As soon as the weather begins to warm, people begin planning a wide range of outside activities to enjoy.
However, as the summer progresses, these activities can become more hazardous, with an increased risk for heatstroke that can cause serious medical risk. Heatstroke is an overheating of the body above its normal range that often occurs under hot conditions or during vigorous physical activity. Overheating can come on so gradually you don’t notice the early danger signs. Once the body temperature begins to reach this dangerous stage, it can be difficult to cool it down to the normal range. Heatstroke can be life-threatening, causing organ failure, so monitoring yourself and your group when outdoors in hot weather is important to preventing a sudden, medical emergency.
Signs of Heatstroke
Conditions that lead to heatstroke can come on unexpectedly. The day may be warmer than expected. Cloud cover may clear and result in more direct sunlight. There may be less shade to escape to during your activities. Heatstroke generally occurs as a progression, from heat cramps or heat exhaustion and then, to heatstroke. In the early stages, people may experience increased profuse thirst and muscle cramps, which may proceed to profuse sweating, weakness, nausea, fatigue or even fainting. You should get the individual into a cooler environment immediately to avoid the more serious effects of heatstroke. The individual may not be willing to leave the group and the hot, outdoor area, which can make the problem worse. You can begin to suspect an individual is suffering from heatstroke if you notice flushing of the skin, Sweating will stop, and the skin will feel dry and hot. The person may be dizzy or light-headed. There may be nausea and vomiting. They may become confused or disoriented. They may stagger or have trouble with balance. A throbbing headache may occur. The heartbeat becomes rapid. The person may go into a seizure or may become unconscious. Heatstroke is a medical emergency that can be life-threatening. Immediate medical attention is needed for an individual suffering from heatstroke symptoms. You should get the person to the emergency room as quickly as possible or call 9-1-1 for an ambulance that can provide medical support.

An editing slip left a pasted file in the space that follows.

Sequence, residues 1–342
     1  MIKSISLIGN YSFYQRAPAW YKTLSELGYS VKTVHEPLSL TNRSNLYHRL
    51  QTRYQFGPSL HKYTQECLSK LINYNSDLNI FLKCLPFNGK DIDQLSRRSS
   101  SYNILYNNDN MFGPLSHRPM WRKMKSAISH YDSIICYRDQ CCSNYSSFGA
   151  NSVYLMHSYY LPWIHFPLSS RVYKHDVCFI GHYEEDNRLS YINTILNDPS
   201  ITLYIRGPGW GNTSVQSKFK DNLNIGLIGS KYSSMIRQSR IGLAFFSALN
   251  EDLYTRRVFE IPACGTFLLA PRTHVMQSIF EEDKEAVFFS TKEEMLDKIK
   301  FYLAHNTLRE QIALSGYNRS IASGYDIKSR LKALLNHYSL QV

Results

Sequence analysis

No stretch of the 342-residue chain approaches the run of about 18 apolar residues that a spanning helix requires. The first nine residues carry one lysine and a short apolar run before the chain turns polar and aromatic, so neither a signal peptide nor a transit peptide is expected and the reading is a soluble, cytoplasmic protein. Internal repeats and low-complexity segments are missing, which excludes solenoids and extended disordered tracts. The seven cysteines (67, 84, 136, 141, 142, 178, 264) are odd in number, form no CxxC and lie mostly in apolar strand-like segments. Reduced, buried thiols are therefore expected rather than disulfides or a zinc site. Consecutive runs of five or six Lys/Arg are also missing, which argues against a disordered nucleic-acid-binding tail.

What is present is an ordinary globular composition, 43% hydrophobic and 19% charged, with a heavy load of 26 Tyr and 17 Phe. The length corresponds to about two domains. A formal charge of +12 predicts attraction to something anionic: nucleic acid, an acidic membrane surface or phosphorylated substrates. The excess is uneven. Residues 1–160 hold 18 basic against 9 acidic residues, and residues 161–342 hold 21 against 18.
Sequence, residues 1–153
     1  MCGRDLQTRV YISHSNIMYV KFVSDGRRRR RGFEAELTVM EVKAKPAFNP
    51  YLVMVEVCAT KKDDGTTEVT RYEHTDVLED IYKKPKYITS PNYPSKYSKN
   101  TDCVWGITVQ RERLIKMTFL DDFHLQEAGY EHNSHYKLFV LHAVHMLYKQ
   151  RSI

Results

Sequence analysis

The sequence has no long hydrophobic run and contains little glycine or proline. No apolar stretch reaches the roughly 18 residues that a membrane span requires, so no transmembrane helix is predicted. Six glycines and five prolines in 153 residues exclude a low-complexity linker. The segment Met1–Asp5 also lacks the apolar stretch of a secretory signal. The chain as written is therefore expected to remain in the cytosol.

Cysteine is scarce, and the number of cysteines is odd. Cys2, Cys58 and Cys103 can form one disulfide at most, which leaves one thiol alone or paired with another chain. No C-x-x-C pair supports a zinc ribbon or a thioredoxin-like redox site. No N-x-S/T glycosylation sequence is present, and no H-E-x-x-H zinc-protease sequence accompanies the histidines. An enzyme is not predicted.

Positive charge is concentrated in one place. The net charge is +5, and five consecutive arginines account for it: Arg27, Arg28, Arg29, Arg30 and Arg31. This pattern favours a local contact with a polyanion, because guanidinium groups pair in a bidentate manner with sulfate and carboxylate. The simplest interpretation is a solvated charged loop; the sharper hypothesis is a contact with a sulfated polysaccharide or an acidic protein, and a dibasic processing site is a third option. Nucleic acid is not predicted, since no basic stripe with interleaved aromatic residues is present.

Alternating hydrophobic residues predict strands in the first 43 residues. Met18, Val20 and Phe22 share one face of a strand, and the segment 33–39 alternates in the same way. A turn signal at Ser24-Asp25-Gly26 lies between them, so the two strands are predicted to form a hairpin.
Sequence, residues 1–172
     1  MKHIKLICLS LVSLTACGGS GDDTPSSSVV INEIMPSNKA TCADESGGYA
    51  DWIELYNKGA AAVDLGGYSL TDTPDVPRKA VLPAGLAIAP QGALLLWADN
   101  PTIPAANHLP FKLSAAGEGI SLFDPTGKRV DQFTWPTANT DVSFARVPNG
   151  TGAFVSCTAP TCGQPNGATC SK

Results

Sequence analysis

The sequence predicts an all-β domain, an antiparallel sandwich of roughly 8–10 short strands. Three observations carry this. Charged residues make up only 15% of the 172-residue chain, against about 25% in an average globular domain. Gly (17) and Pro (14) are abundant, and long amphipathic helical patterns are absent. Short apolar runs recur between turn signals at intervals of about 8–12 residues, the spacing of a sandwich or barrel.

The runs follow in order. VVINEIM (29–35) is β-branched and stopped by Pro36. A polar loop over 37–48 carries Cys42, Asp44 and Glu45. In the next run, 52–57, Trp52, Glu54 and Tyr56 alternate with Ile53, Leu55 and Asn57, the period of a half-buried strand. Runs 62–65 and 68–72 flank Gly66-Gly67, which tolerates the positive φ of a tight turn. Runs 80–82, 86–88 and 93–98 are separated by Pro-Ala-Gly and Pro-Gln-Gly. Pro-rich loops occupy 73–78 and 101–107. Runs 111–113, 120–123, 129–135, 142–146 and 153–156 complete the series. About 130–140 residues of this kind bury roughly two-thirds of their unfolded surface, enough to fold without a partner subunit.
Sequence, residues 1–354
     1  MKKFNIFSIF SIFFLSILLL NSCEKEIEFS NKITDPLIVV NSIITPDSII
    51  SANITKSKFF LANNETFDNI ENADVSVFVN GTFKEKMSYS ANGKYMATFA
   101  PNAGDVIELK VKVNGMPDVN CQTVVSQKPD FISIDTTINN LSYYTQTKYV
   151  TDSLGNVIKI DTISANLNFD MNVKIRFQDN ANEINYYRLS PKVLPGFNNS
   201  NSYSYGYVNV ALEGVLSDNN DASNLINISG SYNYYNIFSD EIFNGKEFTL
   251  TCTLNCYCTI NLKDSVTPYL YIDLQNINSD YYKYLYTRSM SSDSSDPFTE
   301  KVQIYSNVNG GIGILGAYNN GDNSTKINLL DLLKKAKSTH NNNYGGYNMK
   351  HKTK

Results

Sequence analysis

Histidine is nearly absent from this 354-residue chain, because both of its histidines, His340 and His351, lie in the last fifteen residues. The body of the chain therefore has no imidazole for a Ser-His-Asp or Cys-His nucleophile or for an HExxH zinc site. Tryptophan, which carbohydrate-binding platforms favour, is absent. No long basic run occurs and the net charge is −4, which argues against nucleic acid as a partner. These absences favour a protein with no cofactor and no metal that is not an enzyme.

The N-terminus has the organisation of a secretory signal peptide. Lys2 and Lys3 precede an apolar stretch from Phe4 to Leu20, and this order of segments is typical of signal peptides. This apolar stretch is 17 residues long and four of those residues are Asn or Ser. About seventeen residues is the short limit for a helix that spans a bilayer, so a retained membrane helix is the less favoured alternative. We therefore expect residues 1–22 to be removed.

Preventing and Recovering From Heatstroke
Medical care related to the treatment of heatstroke includes temperature monitoring, blood tests and urine tests to detect its effects on internal organs. Immersion in cool water or ice bath may be necessary to bring down body temperature to prevent organ damage. Evaporative techniques, such as misting the skin and turning a fan on the individual may also be used. Ice packs or cooling blankets are other methods. The doctor may administer medications to reduce shivering, which increases body temperature. Giving fluids, either by mouth or IV is also important to the recovery process. Recovery from a minor case of heatstroke can take just a few days. However, for severe cases, it may take several months for full recovery. Preventing heatstroke is much easier than recovering from the condition. When you or your group is outdoors, keep the risk of heatstroke in mind. Provide plenty of fluids other than alcohol and soft drinks, which deplete fluid levels in the body. Make sure there are shaded areas where people can take shelter from the hot sun or bring canopies to create your own shade. Reduce activity levels during the hottest part of the day. Take particular care with individuals who are taking medications or have a medical condition. Heatstroke can be a life-threatening condition, particularly for young children and elders. Monitor others carefully and get immediate medical help when indicated.